WASHINGTON – Retailers are fighting back against financial industry efforts to repeal a cap on debit interchange fees.

The cap on "swipe" fees, called the Durbin amendment, was included as part of the Dodd-Frank financial reform law and was intended to be a boon to consumers.

However, banks and credit unions have lamented the law and claim that rather than putting more money in consumer pockets, it has actually been a benefit to retailers.

But retailers sent a letter recently to Senate and House leadership asking them not revisit the measure, which pits two powerful lobbying groups against each other.

"Repealing or weakening the law will provide a windfall for fewer than two percent of the country's largest banks and remove any and all competition from the debit routing market," said the letter, which was signed by several national and state merchant associations. "The debit reforms contained in Dodd-Frank are unique in that they brought the first piece of competition and transparency into a market that was historically void of it."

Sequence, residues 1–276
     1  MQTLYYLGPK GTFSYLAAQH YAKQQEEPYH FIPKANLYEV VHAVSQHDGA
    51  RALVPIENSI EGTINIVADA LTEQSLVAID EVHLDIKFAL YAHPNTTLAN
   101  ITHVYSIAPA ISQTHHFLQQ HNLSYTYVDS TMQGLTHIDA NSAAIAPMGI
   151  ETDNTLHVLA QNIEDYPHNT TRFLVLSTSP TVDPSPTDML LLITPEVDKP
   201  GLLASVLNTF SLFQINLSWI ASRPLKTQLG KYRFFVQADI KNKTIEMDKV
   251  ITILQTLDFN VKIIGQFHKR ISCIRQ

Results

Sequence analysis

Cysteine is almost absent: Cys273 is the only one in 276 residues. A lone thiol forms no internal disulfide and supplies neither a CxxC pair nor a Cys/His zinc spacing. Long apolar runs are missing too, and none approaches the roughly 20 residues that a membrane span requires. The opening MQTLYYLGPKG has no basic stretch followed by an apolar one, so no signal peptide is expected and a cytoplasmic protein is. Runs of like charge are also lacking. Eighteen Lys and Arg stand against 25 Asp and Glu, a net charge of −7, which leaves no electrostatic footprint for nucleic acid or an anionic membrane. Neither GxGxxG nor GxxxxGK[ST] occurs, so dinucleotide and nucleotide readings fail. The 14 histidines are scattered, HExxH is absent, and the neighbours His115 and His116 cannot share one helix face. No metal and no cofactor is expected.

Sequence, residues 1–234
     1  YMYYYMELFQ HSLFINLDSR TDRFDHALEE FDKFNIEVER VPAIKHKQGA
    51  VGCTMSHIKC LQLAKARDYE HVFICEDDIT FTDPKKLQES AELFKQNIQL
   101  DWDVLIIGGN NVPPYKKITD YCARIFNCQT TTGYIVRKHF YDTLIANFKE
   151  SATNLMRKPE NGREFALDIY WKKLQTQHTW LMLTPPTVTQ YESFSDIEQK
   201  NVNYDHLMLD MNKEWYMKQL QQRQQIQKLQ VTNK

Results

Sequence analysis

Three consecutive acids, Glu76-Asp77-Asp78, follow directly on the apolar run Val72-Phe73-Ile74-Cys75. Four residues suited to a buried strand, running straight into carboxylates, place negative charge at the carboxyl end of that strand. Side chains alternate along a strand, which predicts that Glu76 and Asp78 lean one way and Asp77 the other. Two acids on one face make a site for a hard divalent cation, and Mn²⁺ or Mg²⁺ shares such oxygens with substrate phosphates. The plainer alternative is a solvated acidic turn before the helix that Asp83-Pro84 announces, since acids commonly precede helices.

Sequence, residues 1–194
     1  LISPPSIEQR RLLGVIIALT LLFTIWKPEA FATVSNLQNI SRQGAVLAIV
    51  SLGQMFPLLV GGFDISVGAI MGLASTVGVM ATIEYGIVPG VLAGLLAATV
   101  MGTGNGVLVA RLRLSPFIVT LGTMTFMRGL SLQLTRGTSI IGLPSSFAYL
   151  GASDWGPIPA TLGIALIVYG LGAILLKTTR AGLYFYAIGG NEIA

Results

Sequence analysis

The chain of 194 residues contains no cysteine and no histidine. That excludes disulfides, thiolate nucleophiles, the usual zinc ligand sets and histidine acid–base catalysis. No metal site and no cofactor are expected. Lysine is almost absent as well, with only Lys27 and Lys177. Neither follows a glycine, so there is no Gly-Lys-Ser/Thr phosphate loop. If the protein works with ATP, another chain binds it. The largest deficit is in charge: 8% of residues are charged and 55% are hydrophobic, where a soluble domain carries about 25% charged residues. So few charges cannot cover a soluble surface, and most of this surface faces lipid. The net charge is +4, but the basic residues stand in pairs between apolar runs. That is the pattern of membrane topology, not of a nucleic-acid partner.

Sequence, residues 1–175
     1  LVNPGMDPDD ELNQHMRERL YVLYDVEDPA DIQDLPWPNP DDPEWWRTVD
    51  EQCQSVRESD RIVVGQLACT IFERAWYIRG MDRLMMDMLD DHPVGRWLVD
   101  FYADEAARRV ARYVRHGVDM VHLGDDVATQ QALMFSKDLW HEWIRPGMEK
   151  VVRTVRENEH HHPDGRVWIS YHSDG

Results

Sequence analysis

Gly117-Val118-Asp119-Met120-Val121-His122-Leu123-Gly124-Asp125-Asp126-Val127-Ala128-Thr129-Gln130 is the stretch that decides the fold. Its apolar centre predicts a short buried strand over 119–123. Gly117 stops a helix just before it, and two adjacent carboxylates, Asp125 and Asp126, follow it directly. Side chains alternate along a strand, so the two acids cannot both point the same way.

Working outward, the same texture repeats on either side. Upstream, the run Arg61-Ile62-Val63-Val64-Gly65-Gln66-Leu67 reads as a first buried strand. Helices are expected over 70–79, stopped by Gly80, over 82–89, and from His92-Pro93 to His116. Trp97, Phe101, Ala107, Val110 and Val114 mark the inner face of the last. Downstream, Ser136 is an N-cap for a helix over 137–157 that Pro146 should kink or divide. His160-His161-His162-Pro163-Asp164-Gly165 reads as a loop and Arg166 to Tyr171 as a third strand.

The merchant associations also said that since the amendment only applies to financial institutions with more than $10 billion in assets "over 98% of U.S. banks are exempt from the limit." They claimed that banks are still making a triple-digit profit on debit card transactions.

In letters outlining their top priorities for the incoming Congress, the Credit Union National Association and the National Association of Federally-Insured Credit Unions included repeal of the Durbin amendment as one of their goals for 2017.

"In 2017, NAFCU will continue to push for repeal of the failed Durbin measure and to fight against any efforts to expand interchange price caps to credit cards," the credit union trade group said in a statement.

Banks and credit unions say the lost revenue hamstrings them.

"Restore market pricing on debit interchange fees so that consumers can once again enjoy more flexibility in the products and services that banks offer," Rob Nichols, the president of the American Bankers Association, said in a letter to lawmakers.

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